What we first see in "The Magic Flute": Tamino attempts to outrun a pursuing monster.
Kim-Lillian Strebel is Pamina, a character modeled in appearance here after silent-film star Louise Brooks (as noted by Kosky in the program booklet). Her dark page-boy cut provides the model for all the women in the chorus, whom we see at length in the finale, where the formally dressed men (in other scenes top-hatted) join them in praise of Sarastro, high priest of Isis and Osiris and designer of the ritual trials through which Tamino and Pamina must pass, displaying the virtues of patience, wisdom, virtue, and strength (the German equivalents of which pop up on the screen several times).

Strebel displayed a soprano of high luster and sustained power in the second-act aria, "Ach, ich's fuhl's," which ennobled the hurt that Pamina feels at Tamino's mandated lack of responsiveness to her. Suddenly, we are aware of Pamina's worthiness to be Tamino's fully entitled companion in a set of trials that has tended to underline a male-only path to enlightenment. Since the opera finally gives the couple a blessing that partly contradicts the Masonic progress outlined, Strebel's strength in this one aria struck me as crucial to the production's success.

One of the great triumphs of what 1927 brought to Kosky's interpretation is the ability to fill the stage picture while positioning singers at different heights. This show literally gives another dimension to stage direction, which  almost always follows a horizontal plane. The Queen of the Night is often elevated somewhat, and Jeni Houser was here, but to especially spectacular effect, encased in a spider's body with eight huge twitching legs extending down to the floor. Her singing was rather  compromised acoustically as a result, but the evil queen's famous high notes rang out, and the vocal agility was intact.

I boggled at some of the imagery, barely resisting the temptation to slap symbolism onto everything I saw. I think sometimes animator Paul Barritt was just having fun. Some of the animal suggestions were at least totemic, I guess, such as the monkeys in the "trial" parade. But why does Papageno apparently catch only owls? Maybe that's the one kind of bird his patroness, the Queen of the Night, favors. Why are Pamina and Tamino, in a trio with Sarastro aloft, kept apart by the swinging pendulum of a large clock? I'm working on that, though I think I understand why the production designers didn't want literal, or even approximate, glockenspiel, pan pipes, and flute in view, despite repeated references to those magical or signature instruments.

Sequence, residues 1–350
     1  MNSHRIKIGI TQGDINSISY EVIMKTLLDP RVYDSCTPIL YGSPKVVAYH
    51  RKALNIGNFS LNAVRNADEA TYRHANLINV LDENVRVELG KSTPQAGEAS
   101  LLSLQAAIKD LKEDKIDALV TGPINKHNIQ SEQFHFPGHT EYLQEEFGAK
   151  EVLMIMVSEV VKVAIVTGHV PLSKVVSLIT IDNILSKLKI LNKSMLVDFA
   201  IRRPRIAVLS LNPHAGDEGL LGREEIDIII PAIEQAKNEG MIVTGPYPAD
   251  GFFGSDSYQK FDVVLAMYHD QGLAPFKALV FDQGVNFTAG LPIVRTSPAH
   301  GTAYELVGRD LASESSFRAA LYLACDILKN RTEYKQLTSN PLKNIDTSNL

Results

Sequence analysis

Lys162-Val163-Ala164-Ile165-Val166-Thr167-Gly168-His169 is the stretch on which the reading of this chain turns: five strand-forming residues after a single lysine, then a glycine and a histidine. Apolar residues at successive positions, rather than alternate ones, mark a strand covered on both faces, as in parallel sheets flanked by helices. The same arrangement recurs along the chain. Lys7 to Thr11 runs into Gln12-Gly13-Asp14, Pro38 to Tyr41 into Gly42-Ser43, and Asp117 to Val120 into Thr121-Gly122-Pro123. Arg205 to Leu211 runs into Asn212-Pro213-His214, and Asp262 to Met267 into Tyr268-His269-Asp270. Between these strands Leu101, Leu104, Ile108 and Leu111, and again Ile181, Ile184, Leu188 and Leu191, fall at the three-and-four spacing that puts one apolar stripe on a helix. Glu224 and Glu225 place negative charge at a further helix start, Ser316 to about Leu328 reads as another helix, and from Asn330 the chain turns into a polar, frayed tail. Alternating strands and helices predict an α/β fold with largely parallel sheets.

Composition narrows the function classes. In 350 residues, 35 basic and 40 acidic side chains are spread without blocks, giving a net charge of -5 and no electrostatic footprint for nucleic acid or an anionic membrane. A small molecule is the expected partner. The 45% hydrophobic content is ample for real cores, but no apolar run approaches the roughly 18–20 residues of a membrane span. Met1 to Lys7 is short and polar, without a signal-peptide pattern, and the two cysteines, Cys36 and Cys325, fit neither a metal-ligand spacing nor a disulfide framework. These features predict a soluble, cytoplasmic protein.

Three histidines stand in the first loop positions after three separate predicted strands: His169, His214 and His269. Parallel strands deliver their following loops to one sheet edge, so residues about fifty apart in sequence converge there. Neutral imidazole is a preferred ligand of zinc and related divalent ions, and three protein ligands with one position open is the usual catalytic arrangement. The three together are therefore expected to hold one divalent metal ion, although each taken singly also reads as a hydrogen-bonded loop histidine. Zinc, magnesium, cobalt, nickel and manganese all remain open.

The constant shimmer and shake of the show's movement rested upon visual styles that suggested both Victorian steampunk and Dr. Seuss. The danger in this novel kind of Gesamtkunstwerk is that what you see can overwhelm what you hear. The trials by fire and water were wonderfully realized. So was the eye-popping descent of Tarmino and the two Armored Men down a sort of mine shaft into the bowels of the earth.

But I was particularly disturbed by the large peeping, blinking eyes, visible as if through gashes in a black wall, during Sarastro's great aria "In diesen heil'gen Hallen." With effort I concentrated on how well Tom McNichols was singing it. As for the animated winged nymph  — nude, including a pubic patch — who at one point flits over the young lovers' heads, it suddenly became difficult to focus on the purity of their mutual devotion.

Cbristopher Allen conducted, and if I was after purity, I got plenty in a magnificent reading of the overture by the orchestra.
As for the rest, I admit I was transported — the production's clear intent. It presents indeed a world elsewhere, not a half-hearted or rote attempt to fashion one merely in the spirit of Mozart and Schikaneder. In the 21st century, there are other spirits to be served, after all. This production insists: Dream on!

[Photos by Philip Groshong]